On this 40th anniversary of his death, we take a moment to remember Vincent Chin.

Vincent Chin was the only child of Lily and David (C.W. Hing) Chin, immigrants from China’s Guangdong province who supported their family by working in laundries and restaurants. His father David was a World War II veteran, and as such, had earned the right to bring Lily to the United States as a war bride. After finding that Lily could not bear children, the couple adopted Vincent from an orphanage in China in 1961 when he was six years old. They loved and raised him in Highland Park, Detroit.

Like his parents, Vincent was a hard worker. In 1980, he landed a job as draftsman at an automotive and aircraft mechanical engineering firm and in the two years he worked there was commended for his good work with two pay raises. He additionally worked a second job on weekends as a waiter and attended night school to learn computing.

He was the kind of person who knew how to sustain a lifelong friendship, such as that with Gary Koivu, a friend since they met at the age of six. At age 27, he was a man in love with dreams to buy a home and start a family. He and his fiancé Vickie Wong had met three years before and planned to wed at the end of June. This Detroit Free Press story, allowing friends and would-have-been in-laws to speak about the dream of happiness that was ended by his tragic murder, humanizes Vincent and the pain and loss all who loved him, especially Vickie, so close to their wedding, must have felt.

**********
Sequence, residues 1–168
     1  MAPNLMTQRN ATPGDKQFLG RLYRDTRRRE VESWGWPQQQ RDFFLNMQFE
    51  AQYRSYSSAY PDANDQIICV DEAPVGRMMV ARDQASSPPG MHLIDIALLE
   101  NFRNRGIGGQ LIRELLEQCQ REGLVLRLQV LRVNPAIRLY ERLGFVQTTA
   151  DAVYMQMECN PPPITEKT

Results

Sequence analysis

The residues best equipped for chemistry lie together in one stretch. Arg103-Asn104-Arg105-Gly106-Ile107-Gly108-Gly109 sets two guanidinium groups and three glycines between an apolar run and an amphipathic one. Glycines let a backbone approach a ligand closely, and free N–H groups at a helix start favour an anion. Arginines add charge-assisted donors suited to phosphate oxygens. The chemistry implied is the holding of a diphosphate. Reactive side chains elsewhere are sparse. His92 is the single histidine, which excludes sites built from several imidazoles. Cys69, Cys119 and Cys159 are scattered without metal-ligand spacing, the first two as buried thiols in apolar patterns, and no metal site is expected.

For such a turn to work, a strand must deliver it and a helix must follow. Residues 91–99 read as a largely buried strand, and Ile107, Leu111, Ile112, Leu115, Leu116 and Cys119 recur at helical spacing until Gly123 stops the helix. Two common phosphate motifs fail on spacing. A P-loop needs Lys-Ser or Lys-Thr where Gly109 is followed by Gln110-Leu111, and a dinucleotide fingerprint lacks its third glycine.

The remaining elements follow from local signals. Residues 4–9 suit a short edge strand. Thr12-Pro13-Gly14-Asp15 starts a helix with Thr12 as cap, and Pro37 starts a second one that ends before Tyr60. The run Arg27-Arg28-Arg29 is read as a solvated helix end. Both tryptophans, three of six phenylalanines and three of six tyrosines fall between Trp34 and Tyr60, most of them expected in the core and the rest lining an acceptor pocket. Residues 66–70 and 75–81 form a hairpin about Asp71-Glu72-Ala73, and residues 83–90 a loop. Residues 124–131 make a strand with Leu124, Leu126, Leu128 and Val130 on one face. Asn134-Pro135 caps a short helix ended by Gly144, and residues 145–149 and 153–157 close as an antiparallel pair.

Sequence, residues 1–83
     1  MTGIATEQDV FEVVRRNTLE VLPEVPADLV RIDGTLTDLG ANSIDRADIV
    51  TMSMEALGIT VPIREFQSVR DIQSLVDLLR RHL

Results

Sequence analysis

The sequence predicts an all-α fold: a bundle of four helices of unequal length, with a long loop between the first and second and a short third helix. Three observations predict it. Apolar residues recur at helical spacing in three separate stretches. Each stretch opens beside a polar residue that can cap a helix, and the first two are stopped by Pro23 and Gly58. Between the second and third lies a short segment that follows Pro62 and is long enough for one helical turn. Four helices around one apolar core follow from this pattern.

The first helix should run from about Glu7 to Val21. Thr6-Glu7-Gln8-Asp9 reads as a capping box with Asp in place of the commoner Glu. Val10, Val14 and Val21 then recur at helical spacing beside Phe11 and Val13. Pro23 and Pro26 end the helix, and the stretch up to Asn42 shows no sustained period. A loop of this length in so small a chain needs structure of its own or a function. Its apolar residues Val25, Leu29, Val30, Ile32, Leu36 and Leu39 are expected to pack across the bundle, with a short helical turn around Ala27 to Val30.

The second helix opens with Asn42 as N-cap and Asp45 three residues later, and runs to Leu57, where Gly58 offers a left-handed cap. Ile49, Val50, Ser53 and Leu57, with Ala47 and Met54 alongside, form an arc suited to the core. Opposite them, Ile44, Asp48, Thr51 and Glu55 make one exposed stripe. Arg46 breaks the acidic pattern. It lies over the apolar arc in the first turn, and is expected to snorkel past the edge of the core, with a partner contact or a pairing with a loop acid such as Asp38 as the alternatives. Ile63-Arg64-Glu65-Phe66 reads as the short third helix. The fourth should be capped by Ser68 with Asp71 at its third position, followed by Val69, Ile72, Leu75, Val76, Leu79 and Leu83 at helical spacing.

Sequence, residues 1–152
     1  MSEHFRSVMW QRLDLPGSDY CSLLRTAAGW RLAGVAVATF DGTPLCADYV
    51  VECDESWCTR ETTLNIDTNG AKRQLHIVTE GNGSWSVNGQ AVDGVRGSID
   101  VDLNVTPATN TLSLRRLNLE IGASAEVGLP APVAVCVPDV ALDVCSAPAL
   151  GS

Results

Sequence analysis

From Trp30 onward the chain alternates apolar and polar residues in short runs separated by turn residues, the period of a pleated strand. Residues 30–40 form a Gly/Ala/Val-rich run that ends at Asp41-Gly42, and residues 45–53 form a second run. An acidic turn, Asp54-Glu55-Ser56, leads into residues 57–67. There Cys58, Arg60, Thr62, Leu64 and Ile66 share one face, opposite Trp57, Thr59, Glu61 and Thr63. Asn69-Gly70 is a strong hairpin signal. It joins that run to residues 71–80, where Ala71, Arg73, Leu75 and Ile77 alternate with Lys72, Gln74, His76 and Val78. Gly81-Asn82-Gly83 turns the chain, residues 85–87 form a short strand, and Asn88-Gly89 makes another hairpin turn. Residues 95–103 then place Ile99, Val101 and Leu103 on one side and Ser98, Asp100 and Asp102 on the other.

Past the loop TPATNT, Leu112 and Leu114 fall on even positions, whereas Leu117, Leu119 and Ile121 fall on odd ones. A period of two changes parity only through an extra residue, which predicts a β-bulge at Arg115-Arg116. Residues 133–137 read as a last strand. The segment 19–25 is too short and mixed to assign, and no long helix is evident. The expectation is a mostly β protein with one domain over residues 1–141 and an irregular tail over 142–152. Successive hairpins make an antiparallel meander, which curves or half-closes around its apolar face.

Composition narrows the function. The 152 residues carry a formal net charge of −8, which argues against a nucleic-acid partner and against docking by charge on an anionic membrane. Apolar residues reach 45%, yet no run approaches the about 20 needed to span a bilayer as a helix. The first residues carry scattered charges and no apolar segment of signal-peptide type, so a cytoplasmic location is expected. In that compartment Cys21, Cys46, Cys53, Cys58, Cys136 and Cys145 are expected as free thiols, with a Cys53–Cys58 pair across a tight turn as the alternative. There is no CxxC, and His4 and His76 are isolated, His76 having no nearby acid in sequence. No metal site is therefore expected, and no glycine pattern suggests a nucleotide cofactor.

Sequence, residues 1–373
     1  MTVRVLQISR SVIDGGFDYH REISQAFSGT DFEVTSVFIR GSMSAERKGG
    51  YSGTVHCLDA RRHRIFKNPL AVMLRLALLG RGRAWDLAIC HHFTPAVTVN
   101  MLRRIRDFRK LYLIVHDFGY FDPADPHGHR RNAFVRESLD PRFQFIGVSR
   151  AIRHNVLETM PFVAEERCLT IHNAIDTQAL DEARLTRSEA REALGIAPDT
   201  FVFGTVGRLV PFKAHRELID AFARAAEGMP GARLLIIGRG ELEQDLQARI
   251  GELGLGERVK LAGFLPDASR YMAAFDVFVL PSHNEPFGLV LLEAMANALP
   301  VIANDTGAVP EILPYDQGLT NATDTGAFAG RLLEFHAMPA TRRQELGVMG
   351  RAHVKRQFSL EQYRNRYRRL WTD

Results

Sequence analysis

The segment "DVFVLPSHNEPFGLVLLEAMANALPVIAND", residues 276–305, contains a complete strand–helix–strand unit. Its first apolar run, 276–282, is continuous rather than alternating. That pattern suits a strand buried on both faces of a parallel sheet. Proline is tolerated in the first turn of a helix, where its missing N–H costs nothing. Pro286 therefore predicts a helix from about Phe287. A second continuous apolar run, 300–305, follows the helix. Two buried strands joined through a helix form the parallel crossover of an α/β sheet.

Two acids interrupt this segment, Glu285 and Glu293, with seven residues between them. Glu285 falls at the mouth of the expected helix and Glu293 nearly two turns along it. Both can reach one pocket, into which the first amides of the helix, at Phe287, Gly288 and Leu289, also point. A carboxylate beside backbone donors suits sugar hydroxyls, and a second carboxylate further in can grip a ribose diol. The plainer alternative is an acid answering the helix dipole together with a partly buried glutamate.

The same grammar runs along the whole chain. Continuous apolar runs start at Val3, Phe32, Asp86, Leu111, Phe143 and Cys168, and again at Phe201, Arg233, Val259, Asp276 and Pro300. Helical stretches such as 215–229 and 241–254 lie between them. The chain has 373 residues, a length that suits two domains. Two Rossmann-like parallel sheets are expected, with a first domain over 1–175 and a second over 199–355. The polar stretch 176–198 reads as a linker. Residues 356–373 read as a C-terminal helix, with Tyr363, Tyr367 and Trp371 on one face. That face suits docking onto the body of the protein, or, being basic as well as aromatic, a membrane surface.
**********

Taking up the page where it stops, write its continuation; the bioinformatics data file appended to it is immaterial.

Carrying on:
On the evening of June 19, 1982, Vincent and friends were celebrating his last days as a bachelor at the Fancy Pants strip club when he had a fateful altercation with autoworkers Ronald Ebens and Micheal Nitz. Ebens and Nitz subsequently tracked him down, Nitz held him, defenseless, while Ebens brutally beat him with a baseball bat. Vincent died four days later from his injuries.

The miscarriage of justice perpetrated by the judge who sentenced Ebens and Nitz to a mere 3 years probation and $3000 fine for taking his life launched an Asian American civil rights movement, led by his mother Lily Chin, who had only recently also buried her husband and through her grief sought justice for her son. They persist in their fight for justice for him forty years later.